The words used to describe this function can also be confusing. For the longest time I thought those that used thinking made decisions based on logic and those that used feeling made decisions based on how they felt about things. But that's only half right. A better way to look at feeling is to think of decision making in light of seeking a harmonious solution (even if it's not the most logical solution). For those that use feeling, decisions are made based on relationships with others. Those using thinking base their decisions on data and may give little or not regard to how it affects people. Because of this, T's are often thought of as cold or uncaring, when that might not at all be the case. Someone can use thinking in making a decision with every intention of doing the kind or loving thing, but that won't be their criterion in resolving their decision, the logic of the situation being more relevant in their mind. It's also important to note that T's may use logic to come to a conclusion, but it might very well be a loopy form of logic that wouldn't hold up in my old geometry teacher's class. In the same vein, F's might make a decision based on how it will affect other people, but it might not be a decision intended to bring harmony at all, but discord. T's and F's can both be remarkably brilliant or excruciatingly dimwitted. How you make your decisions doesn't determine how "smart" you are. T's often look down on F's because their decisions seem illogical (and may very well be illogical), but that doesn't mean that they're not still brilliant decisions that are just what the situation called for. And F's sometimes look down on T's because they seem so unfeeling and detached, but likewise, that can also be just the kind of decision that a situation called for. Both means of making a decisions have value. 

Perceiving vs. Judging (P/J): This preference doesn't have a name of its own as far as I know, but it has to do with a person's lifestyle and refers to the way a person relates to the outside world (or how they behave when they're extraverting).

If you glance back up at the S/N section, you'll notice that those were the perceiving functions. And if you glance at the F/T section, you'll notice that those were the judging functions. And now here we are looking at perceiving and judging. If you are a perceiving person, then when you extrovert (or when you relate to the outside world), you interact with your perceiving function (whether S or N). And if you are a judging person, then you relate to the outside world with your judging function (whether F or T). More on this in my next post on personality types. P's and J's tend to also have characteristics of their own, that I don't think are related to S/N or F/T. J's like closure. They feel a little uncomfortable when something is left hanging, unfinished or undecided. They're willing to forego additional information gathering in order to "just get this thing over with". P's, on the other hand, are much more willing to continue to gather information until they're quite sure they've gotten all the bases covered before they final settle down to make a decision. In fact, sometimes P's aren't comfortable making that final decision because they're not quite sure they've finished gathering information. Deadlines can help a P finally bring closure to a project. P's tend to be more spontaneous than J's who like everything scheduled or orderly.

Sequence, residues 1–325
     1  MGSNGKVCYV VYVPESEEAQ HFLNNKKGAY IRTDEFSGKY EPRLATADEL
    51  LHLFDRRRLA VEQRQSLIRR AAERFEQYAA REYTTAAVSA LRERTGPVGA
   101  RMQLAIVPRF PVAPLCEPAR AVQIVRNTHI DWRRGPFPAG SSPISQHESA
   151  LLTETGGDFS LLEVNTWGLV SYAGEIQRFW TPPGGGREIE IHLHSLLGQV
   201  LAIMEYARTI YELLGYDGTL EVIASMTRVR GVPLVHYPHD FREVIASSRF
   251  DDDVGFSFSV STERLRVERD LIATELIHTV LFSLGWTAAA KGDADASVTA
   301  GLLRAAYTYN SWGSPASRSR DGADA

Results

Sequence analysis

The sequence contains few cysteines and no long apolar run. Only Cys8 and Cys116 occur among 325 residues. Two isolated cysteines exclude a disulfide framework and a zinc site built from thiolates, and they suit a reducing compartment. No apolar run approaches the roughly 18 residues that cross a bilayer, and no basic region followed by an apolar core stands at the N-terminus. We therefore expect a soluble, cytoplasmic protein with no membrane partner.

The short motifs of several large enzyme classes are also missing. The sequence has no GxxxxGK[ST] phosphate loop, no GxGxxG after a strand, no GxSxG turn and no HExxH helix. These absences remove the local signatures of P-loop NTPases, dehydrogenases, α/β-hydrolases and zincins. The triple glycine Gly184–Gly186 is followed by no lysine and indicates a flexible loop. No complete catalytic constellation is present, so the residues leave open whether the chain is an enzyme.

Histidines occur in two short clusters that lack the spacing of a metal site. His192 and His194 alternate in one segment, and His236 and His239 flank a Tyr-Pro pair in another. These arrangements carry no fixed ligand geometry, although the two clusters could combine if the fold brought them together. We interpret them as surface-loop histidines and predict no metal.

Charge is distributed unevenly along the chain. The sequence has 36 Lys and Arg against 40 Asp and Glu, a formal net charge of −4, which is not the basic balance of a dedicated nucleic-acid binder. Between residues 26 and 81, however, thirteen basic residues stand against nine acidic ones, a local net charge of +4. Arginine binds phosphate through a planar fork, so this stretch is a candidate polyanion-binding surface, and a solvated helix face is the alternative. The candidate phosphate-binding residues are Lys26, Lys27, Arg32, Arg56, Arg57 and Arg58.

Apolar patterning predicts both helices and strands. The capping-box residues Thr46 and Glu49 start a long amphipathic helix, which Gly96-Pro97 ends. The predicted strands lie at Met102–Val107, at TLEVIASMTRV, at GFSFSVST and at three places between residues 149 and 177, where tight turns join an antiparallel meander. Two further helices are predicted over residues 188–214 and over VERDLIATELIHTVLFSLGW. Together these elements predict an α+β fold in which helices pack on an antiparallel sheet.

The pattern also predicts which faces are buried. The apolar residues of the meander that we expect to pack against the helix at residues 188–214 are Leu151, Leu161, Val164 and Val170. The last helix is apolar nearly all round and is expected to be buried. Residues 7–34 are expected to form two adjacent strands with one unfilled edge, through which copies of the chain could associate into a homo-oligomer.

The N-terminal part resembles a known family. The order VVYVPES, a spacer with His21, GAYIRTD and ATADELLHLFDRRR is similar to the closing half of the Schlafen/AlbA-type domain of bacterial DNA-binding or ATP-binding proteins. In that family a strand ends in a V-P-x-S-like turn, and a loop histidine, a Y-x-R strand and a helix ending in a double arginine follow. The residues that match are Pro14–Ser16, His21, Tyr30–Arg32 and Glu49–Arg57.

This is just a cursory overview of the 4 preferences in the MBTI. You may look at a preference and say, "Well, this part fits me, but I'm not like that other part at all." Not everyone uses one preference all of the time. My mom is a strong S, but when she cooks, her iNtuition shines. She strays from strictly following recipes in a way that would make most S's cringe. But most of the time, she uses Sensing, so that's considered her preference. It's also helpful to think of these traits in terms of yourself left to your own devices. At work, or when trapped in family dynamics, or in certain social functions, we may feel that we have to behave in a certain way because that's what's expected of us. And we might be very good at behaving that way, but being good at something doesn't make it a personality type preference. The behaviors you would naturally gravitate toward when on vacation or during free time are often a better yardstick to use when trying to figure where you fit in. 

And remember, these are amoral characteristics. None of this is about being right or wrong. When you figure out your personality type, it should be a wonderful means of self discovery and self affirmation. It's also a great way to see those niggling little things in others and realize that it's a result of their own personality type. Realizations like that help us to accept others more as they are and to stop trying to force them into a mold that fits us better than it does them.